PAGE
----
Nip and Tup slept outside with Tooky now, in a snow house which Kesshoo had built for them. Menie and Monnie missed them, but Koolee said, "You are getting so big now you must begin to do something besides play with puppies. Monnie must learn to sew, and Menie must help Father with feeding the dogs and looking after their harnesses, and driving the sledge.
"Maybe Father will teach you both to carve fine things out of ivory this winter! Monnie will soon need her own thimble and needles. They must be made. And she can help me clean the skins and suck out the blubber, and prepare them for being made into clothes!
"Dear me! what a lot there is to do to keep clothes on our backs and food in our mouths! The Giants are always waiting before the igloo and we must work very hard to keep them outside!"
She did not mean real giants. She meant that Hunger and Want are always waiting to seize the Eskimo who does not work all the time to supply food for himself and his family. She meant that Menie must learn to be a brave strong hunter, afraid of nothing on sea or land, and that Monnie must learn to do a woman's work well, or else the time would come when they would be without food or shelter or clothing, and the fierce cold would soon make an end of them.
It was lucky they got into the warm igloo just when they did, for the winter had come to stay. The bay froze over far out from shore, and the white snow covered the igloos so completely that if it had not been for the windows, and for people moving about out of doors, no one could have told that there was any village there.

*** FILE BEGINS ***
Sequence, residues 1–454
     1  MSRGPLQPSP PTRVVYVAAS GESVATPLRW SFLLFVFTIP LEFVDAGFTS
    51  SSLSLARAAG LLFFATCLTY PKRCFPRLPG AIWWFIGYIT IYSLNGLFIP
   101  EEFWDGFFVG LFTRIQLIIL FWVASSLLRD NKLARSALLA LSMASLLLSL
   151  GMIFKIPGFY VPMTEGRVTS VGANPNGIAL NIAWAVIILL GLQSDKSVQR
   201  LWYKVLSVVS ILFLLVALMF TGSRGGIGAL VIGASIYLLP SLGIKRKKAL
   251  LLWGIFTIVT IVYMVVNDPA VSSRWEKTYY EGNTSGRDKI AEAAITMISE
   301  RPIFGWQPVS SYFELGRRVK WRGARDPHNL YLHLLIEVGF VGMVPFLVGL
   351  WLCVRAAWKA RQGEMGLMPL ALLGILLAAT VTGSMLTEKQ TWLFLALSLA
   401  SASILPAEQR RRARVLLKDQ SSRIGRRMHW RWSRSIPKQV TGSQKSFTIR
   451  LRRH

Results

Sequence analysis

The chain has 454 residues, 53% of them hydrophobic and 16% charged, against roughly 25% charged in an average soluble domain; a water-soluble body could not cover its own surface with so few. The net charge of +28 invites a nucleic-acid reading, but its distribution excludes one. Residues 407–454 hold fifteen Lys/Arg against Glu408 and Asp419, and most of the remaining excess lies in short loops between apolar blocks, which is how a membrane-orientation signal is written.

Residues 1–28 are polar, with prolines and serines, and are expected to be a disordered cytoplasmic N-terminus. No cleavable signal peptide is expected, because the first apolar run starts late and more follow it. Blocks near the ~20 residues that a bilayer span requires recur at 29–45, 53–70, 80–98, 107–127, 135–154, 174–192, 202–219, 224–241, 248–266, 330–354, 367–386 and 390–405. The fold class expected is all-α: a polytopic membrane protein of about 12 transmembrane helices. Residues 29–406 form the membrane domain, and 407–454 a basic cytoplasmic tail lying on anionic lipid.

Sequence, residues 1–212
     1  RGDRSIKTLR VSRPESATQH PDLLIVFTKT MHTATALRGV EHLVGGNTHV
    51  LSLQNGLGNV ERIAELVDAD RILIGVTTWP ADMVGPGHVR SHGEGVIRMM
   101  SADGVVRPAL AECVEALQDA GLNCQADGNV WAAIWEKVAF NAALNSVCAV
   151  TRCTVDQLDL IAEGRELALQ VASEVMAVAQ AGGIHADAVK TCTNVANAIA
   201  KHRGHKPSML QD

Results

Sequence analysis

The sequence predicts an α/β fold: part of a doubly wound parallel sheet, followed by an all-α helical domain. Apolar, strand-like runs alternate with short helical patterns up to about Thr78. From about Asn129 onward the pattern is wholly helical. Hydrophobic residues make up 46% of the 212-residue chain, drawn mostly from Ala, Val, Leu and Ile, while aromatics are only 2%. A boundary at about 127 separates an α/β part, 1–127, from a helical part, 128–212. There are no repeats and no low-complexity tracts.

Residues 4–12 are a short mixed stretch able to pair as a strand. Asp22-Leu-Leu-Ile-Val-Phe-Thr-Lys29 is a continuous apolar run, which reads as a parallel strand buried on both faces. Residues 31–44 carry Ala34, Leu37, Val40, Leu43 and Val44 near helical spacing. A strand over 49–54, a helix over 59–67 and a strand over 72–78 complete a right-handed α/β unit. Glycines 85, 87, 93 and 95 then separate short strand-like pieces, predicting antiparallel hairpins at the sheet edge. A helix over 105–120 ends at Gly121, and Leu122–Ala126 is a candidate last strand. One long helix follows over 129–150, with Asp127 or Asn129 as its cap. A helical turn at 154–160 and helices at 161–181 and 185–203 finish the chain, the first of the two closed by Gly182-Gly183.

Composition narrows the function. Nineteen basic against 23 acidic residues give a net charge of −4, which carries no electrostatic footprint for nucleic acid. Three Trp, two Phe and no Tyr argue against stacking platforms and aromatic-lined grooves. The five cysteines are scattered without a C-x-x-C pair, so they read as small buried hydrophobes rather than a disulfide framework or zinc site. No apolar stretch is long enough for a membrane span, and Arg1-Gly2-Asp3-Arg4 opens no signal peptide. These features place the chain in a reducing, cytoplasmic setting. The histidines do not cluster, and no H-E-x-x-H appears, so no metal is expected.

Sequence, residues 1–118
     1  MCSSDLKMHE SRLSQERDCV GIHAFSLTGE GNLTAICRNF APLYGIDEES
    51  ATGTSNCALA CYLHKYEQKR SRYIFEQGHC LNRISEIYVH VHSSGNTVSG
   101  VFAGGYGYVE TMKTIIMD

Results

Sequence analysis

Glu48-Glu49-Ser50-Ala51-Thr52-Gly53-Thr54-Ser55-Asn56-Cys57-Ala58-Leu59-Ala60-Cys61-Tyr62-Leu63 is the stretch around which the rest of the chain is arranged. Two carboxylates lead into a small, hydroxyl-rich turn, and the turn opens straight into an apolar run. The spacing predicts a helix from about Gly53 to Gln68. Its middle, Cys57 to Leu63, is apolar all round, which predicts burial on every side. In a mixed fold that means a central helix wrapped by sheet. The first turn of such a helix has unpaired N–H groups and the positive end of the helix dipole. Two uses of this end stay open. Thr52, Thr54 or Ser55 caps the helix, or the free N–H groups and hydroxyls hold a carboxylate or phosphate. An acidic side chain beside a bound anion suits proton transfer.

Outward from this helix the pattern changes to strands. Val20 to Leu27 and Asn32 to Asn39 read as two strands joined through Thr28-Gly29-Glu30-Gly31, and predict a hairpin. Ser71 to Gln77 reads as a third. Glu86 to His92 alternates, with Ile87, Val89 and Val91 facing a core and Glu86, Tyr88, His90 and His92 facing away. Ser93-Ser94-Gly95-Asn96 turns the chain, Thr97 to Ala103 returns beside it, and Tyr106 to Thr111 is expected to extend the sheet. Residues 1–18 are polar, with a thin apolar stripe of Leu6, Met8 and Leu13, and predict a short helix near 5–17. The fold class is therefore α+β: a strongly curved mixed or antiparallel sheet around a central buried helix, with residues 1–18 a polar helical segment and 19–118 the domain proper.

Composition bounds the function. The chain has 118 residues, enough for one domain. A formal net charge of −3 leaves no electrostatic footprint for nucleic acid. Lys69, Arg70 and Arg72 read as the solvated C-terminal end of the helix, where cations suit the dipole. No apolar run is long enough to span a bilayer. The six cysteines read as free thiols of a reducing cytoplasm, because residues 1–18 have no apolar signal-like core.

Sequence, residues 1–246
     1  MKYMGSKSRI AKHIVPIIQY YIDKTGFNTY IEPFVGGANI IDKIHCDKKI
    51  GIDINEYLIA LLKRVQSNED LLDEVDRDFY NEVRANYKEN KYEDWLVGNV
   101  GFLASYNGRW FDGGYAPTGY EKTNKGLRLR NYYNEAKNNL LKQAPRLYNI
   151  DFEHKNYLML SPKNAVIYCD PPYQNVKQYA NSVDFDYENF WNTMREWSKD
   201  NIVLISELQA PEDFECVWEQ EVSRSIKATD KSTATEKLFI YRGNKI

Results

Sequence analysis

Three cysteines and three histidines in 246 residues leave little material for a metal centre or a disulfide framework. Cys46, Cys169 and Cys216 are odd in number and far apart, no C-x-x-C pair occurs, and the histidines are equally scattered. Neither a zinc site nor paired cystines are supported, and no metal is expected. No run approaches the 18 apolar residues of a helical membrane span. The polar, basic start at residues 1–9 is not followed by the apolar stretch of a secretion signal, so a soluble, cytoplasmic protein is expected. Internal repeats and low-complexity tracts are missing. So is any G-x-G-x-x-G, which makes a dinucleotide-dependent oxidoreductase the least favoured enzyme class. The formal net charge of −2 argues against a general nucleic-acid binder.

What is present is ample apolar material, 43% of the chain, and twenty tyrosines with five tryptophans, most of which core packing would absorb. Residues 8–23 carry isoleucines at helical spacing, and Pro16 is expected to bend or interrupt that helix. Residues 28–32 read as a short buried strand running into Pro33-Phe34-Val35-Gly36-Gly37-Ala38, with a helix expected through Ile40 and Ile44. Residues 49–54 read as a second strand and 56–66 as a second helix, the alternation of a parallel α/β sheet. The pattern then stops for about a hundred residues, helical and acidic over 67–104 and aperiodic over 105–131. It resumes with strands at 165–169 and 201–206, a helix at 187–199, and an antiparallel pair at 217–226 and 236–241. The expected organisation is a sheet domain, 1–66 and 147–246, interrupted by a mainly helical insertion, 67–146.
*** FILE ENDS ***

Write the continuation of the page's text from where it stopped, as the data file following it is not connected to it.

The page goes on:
The Last Day of all was so short that Menie and Monnie and Koko saw the whole of it from the top of the Big Rock! They had gone up there in the gray twilight that comes before the sunrise to build a snow house to play in. They had been there only a little while when the sky grew all rosy just over the Edge of the World. The color grew stronger and stronger until the little stars were all drowned in it and then up came the great round red face of the sun itself! The children watched it as it peered over the horizon, threw long blue shadows behind them across the snow, and then sank slowly, slowly down again, leaving only the flaming colors in the sky to mark the place where it had been. They waved their hands as it slipped out of sight. "Good-bye, old Sun," they shouted, "and good-bye, Shadow, too! We shall be glad to see you both when you come back again."
Then, because the wind blew very cold and they could see a snow cloud coming toward them from the Great White World where the Giants lived, the children ran together down the snowy slope toward the bright windows of their homes.